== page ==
By Galen Schultz
Die Burger, the Mail & Guardian Online, Independent Online and, more recently, the Times Online have all dived deep into the process of multimedia story-telling, the Digital Citizen Indaba in Grahamstown heard on Sunday. But what potential does this form of story-telling offer? What challenges do online news sites face? And what does it all say about the state of journalism in South Africa?
Multimedia is the future
So what exactly makes multimedia content so deep? Just that: depth. An accompanying video, podcast, photo story or a photo gallery can offer viewers something a little extra to the all-important text. The major guideline to abide by is that multimedia content should not replicate the original copy. In other words, it needs to offer something that the parent publication cannot.
The Times has specifically found promotional pieces, the arts, action and music as the most popular beats that online consumers are after. Interestingly, online users seem to be generally grasping for stories that have a human-interest angle and deem news that is more entertaining as more appealing.
What’s holding us back?
A lack of resources — this does not necessarily refer to financial issues but rather a lack of staff and time. The multimedia industry in South Africa is still relatively young, as is a large portion of the multimedia staff. What’s more is that journalists in this field are been asked to do things that they may not be familiar with — learning the importance of multitasking. There is therefore a call for non-traditional training of today’s journalists.
Furthermore, the assumption that the younger generation can adapt more quickly to new news-gathering techniques and new-media software is opposed by an argument that they are less efficient reporters. Having said that, upcoming multimedia journalists should not give the old and experienced the cold shoulder — there is always something to be learnt from the old and wise.
Statistics of Independent Online’s most popular stories over the past seven years reveal that readers favour stories that have a shocking or bizarre value, involve sex, or are entertaining. However, the site’s Renee Moodie made it clear that these are more linked to people’s personal lives than we might make out. Sex, for example, can be linked to abuse and relationships. Thus, the old distinction of what constitutes an event or a human-interest piece has been broken. Journalists are now faced with the challenge of determining what constitutes as real news and how this can be given a human interest angle to grab audience attention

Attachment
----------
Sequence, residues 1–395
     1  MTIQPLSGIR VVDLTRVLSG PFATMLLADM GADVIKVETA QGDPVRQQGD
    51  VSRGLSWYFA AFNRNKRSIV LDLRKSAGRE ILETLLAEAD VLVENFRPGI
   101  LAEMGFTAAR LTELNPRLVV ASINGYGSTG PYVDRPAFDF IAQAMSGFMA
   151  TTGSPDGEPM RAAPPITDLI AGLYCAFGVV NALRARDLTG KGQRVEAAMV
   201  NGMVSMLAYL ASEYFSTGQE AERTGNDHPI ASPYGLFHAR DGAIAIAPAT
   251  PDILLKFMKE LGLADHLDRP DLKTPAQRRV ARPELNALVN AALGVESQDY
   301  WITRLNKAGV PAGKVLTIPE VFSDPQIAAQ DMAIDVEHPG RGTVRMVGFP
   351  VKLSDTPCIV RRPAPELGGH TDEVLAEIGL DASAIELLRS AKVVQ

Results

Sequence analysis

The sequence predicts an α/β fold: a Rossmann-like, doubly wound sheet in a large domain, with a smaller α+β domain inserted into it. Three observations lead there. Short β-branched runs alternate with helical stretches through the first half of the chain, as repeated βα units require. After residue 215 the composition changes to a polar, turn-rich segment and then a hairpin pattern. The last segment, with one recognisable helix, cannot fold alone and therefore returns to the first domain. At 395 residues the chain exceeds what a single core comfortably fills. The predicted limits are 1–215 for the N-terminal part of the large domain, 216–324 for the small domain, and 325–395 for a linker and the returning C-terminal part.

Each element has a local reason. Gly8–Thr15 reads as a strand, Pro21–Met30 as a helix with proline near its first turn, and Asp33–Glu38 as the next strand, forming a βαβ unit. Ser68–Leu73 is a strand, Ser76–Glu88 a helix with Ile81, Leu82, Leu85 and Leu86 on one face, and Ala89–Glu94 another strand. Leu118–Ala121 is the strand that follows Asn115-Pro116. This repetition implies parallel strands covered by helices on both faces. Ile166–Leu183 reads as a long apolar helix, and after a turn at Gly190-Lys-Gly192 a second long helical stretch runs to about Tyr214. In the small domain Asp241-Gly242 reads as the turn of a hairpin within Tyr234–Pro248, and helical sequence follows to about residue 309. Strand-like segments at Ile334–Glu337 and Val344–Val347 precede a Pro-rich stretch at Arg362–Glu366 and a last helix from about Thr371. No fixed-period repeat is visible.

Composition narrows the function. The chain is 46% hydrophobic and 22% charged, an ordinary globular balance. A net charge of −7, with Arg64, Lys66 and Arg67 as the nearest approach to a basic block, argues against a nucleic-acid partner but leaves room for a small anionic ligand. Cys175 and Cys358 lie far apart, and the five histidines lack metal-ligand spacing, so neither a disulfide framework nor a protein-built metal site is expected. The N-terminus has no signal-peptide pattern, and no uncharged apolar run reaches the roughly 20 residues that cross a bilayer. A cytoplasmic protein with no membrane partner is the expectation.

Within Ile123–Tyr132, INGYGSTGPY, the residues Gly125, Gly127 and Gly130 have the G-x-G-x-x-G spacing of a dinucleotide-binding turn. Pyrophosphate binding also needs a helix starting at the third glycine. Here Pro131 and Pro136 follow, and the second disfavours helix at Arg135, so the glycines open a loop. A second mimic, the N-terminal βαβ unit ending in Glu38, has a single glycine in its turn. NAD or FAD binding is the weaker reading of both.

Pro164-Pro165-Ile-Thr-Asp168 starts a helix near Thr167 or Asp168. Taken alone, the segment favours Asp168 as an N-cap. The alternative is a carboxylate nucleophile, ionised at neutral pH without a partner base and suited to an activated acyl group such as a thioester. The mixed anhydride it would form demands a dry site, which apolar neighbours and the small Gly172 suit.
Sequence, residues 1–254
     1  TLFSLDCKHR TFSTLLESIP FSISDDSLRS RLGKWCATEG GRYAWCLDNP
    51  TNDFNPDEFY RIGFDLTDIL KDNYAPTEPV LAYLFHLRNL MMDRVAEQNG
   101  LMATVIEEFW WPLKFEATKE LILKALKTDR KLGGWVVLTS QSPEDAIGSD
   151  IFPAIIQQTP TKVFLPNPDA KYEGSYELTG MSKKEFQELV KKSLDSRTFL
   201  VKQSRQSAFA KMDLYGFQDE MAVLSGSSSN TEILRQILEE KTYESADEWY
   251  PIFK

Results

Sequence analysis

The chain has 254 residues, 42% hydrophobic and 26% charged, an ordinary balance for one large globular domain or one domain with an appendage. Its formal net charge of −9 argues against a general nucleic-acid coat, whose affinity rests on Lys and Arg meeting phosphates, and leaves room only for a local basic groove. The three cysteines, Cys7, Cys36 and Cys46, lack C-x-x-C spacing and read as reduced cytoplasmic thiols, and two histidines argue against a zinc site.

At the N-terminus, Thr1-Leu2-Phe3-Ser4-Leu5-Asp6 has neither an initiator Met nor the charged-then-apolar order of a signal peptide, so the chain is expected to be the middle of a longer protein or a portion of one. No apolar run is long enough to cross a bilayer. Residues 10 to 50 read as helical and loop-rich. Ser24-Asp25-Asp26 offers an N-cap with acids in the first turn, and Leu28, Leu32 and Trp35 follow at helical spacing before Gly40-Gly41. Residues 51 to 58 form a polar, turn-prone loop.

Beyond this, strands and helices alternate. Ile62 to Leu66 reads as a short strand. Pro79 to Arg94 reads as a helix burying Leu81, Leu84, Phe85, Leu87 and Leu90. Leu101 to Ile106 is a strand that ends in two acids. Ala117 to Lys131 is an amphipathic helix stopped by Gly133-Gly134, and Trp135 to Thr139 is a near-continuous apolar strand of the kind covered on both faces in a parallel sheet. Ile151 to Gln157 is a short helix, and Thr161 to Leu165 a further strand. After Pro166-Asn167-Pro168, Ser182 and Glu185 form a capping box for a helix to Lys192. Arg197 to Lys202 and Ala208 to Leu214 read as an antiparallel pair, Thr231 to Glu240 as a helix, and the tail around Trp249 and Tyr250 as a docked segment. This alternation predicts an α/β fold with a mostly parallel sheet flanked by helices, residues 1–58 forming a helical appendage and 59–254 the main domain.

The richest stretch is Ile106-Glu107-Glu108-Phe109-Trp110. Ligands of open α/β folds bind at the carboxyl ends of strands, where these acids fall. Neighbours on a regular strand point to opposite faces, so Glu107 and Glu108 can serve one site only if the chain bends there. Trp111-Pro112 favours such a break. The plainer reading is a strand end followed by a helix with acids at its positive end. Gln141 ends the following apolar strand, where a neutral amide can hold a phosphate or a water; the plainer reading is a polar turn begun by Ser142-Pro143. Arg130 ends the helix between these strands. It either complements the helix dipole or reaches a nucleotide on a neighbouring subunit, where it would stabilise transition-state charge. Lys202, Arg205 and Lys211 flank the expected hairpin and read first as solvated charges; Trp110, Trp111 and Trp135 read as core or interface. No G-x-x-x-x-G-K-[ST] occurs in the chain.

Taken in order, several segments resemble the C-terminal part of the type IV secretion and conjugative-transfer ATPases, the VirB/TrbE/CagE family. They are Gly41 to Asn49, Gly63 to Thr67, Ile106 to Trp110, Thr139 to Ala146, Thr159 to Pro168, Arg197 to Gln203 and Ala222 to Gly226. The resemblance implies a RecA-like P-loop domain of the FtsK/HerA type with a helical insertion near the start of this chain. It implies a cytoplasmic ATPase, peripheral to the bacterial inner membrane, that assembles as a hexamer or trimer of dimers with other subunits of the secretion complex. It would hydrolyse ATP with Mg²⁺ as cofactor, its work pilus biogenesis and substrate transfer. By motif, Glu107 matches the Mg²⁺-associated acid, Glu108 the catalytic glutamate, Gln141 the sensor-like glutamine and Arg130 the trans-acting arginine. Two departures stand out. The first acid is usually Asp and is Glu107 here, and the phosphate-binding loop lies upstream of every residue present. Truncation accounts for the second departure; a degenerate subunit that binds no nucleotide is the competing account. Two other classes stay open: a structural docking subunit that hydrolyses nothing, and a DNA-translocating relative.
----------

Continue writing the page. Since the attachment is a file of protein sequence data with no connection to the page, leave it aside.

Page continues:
Fresh news is the currency of digital journalism. Once staffing shortages and training are sorted out, everything else should flow together like clockwork. That, coupled with pending broadband, could see South African news sites leading journalism in the country.
What multimedia news sites are perhaps not taking into account with regards to determining their online audience is the impact of Google. Vincent Maher reckons that online audiences are not necessarily loyal to a single online news site for their consumption of multimedia content. Rather, content is searched for using Google, which has the final say in what order associated stories are ranked and consequently selected for consumption. Which news sites these stories are found on, and thus consumed, depend on the labelling and tagging efficiency of the competing news sites.
Shultz is a student in the New Media Lab at Rhodes University